The Scottish Government’s submission explains that a robust process is in place for creating, updating, and removing Covid-19 guidance and that the information sources and decisions remain under continual review. Routine testing has now been paused, with the exception of such testing pre-discharge from hospitals to care homes and hospices.

On staff manuals, the Government explains that it has no ownership or control over the content of the “National Infection Prevention and Control Manual”. It also notes that new guidance on ventilation for non-clinical workplaces was published in October 2022, which included refreshed advice on measures to improve ventilation for individuals and workplaces, as well as new guidance detailing the most appropriate use of air-cleaning technologies.

The petitioner has provided two written submissions, which are available to members in their meeting papers. She emphasises her concerns about the on-going risks of Covid-19 at a national level. She notes that the Public Health Scotland dashboard for acute hospital admissions revealed a higher rate over the winter just past than that when the mask guidance was withdrawn.

The petitioner highlights that an estimated one in 10 infections results in long Covid, and that care workers are disproportionately affected. She points out that NHS England has guidance on the use of HEPA filters and sterilisation in hospitals, whereas Scotland focuses on ventilation. On face masks, she highlights the Royal College of Nursing’s support for reinstating mask wearing and that individual person-centred clinical risk assessment for respiratory protective equipment does not work when there is a risk for everyone in the environment. On public awareness, the petitioner asks why nothing has been done to share important information with the public about the on-going risks of Covid-19.

The Care Inspectorate has written to draw attention to its updated guidance, which makes it clear that care homes must not rely on mechanical ventilation only and must have the ability for fresh air to be provided. In response, the petitioner asks what the Care Inspectorate would consider to be adequate and suitable ventilation and how that is to be addressed and enforced.

The issues raised in the petition are similar to those on which we took evidence in respect of an earlier petition that was subsequently closed, on which we heard from long-term Covid sufferers on sustained issues arising from the former pandemic.

Before I ask members how we might proceed on the petition, I invite Jackie Baillie to address us again.

Jackie Baillie

I thank Dr Sally Witcher for bringing the petition to Parliament. I am one of the co-conveners of the Parliament’s cross-party group on long Covid, so I am well aware of the calls to improve air quality in both health and social care settings and indoor settings such as schools. We have debated the issue in Parliament.

I was interested to read the Scottish Government’s response, because it sets out quite clearly what it is not doing. Covid has not gone away. Just because the Scottish Government believes that nobody is still at risk does not make that true. Those who are immunosuppressed are still at risk of contracting Covid, and we must ask what we can do to protect them.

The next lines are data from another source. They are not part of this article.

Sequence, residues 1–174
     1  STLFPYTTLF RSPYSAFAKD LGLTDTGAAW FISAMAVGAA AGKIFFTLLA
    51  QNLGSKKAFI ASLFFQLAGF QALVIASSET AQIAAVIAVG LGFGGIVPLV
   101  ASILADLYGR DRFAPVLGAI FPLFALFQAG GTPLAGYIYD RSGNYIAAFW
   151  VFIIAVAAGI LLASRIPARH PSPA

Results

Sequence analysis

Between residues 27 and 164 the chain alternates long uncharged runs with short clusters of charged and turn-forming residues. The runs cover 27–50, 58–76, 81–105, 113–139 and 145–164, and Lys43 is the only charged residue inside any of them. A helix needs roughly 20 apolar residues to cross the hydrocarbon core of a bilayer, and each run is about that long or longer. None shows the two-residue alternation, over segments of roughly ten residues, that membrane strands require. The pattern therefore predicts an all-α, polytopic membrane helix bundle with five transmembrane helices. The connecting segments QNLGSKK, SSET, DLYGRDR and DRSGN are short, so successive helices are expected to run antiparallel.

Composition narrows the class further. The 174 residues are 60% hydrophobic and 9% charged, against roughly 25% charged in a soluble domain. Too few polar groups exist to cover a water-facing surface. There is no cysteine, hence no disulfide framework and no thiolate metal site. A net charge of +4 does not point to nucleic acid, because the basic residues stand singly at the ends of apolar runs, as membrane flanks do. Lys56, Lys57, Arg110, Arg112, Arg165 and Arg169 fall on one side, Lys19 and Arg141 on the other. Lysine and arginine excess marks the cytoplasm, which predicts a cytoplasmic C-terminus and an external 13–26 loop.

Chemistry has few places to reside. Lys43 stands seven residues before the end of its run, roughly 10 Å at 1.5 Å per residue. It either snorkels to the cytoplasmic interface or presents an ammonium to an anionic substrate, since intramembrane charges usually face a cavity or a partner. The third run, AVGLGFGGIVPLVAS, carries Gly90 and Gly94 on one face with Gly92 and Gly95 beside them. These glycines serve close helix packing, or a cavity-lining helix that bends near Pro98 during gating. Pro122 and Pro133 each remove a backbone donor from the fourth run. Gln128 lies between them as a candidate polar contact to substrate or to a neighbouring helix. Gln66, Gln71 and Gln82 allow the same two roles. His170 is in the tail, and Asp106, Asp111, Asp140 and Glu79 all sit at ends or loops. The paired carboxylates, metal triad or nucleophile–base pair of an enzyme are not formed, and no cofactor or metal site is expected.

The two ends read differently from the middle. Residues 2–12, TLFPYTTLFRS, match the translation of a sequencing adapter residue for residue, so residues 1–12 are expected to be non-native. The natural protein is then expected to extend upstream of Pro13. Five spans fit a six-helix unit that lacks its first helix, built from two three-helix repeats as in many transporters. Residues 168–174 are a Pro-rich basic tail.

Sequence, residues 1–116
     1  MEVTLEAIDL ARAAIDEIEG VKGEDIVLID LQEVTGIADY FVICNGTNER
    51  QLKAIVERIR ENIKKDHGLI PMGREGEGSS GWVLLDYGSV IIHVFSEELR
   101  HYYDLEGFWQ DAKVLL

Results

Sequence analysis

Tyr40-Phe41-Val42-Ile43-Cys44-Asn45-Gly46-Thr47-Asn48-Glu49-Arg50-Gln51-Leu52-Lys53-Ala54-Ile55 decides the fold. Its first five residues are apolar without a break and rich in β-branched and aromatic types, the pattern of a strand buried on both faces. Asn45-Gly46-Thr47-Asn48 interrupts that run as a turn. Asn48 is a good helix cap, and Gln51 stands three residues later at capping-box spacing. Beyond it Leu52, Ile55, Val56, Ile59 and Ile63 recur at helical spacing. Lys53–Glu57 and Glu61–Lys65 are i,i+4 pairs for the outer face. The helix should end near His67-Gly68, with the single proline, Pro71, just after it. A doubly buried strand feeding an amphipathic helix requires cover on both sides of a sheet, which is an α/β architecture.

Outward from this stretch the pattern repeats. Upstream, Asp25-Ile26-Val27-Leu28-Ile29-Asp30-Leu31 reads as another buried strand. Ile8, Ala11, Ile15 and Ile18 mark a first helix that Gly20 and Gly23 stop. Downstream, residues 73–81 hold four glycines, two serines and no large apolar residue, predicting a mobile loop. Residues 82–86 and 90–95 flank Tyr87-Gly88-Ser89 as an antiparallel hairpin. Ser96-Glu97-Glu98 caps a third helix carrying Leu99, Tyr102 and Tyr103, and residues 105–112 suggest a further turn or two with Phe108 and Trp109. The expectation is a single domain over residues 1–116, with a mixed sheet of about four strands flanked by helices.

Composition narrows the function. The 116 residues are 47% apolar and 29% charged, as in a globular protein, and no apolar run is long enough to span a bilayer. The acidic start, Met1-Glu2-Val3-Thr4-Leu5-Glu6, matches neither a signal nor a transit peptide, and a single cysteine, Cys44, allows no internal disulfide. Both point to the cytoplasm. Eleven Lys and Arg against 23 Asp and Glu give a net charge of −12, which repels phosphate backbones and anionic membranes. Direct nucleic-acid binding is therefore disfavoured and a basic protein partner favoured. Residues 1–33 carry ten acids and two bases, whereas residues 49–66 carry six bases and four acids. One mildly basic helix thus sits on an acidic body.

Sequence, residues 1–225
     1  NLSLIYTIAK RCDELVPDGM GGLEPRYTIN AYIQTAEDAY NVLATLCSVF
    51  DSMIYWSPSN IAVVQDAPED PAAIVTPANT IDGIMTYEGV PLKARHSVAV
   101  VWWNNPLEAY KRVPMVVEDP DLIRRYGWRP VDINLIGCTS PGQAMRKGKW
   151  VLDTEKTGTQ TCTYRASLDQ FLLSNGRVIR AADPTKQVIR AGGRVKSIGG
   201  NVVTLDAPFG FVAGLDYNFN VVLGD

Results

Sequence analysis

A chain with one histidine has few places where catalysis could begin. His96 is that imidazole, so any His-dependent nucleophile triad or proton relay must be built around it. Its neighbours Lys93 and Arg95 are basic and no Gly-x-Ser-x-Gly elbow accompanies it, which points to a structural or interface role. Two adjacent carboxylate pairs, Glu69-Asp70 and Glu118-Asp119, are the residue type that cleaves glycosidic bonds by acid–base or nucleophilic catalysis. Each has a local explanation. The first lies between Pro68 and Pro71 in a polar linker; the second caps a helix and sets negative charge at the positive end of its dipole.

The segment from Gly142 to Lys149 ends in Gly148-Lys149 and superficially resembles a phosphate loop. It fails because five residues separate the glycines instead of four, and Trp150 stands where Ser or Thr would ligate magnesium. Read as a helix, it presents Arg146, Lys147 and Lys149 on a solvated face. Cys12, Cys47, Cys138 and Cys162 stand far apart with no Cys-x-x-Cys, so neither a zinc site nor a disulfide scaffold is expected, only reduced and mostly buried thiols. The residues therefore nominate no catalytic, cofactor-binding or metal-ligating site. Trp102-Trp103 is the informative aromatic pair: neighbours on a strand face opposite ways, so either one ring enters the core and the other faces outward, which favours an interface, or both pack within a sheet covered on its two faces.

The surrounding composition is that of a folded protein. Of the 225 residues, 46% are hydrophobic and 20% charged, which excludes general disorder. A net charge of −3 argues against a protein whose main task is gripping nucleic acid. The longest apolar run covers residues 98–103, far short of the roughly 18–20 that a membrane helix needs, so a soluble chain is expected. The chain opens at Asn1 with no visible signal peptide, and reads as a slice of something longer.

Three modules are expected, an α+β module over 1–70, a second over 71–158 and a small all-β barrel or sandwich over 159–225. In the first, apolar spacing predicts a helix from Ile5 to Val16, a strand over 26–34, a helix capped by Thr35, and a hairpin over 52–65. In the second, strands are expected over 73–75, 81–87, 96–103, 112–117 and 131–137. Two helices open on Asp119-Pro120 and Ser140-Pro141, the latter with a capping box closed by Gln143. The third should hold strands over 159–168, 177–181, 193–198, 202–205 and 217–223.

As I said, Covid-19 has not gone away. The clinical risk continues. There is a direct impact not just on someone’s health but on the economy. Many of the statistics that we have seen in recent times, which show the number of people who are not employed, suggest that there is a problem that we must consider.

We also know that reinfection with Covid-19 increases someone’s chances of developing long Covid, and, as Dr Witcher has said, one in 10 people are likely to get long Covid and suffer long-term symptoms.

The impact on the economy is significant and can be seen in our public sector as well. I recently attended a long Covid group in Inverclyde, and everyone at the table who had long Covid was a front-line worker. Whether they worked in a school or in a health and social care setting, they were the ones without PPE at the beginning, and they have been impacted the most. The issue is having a significant effect not just on the economy in its widest sense but on our public services and their ability to run.

No one is immune to the risk. All of us here could get Covid. Vaccination is now restricted to those over 75 and people who are immunosuppressed. Regular testing has been stopped in health and social care settings, so we do not know who has got it and whether they are passing it on, and the use of face masks and covering is no longer mandatory. That is an issue specifically in health and social care settings; I am not talking about what is happening in the wider population, where we do not even bother to count incidences anymore, so we do not know whether the rate is bad or not to any great degree.

The introduction of improved air quality in health and social care settings would be an important step in preventing people from being infected and reinfected with Covid-19 and suffering the subsequent effects of long Covid. Other things that would make a huge difference include making PPE available to those who work with vulnerable people, bringing back testing so that we can monitor prevalence and direct our response, and supporting people at home.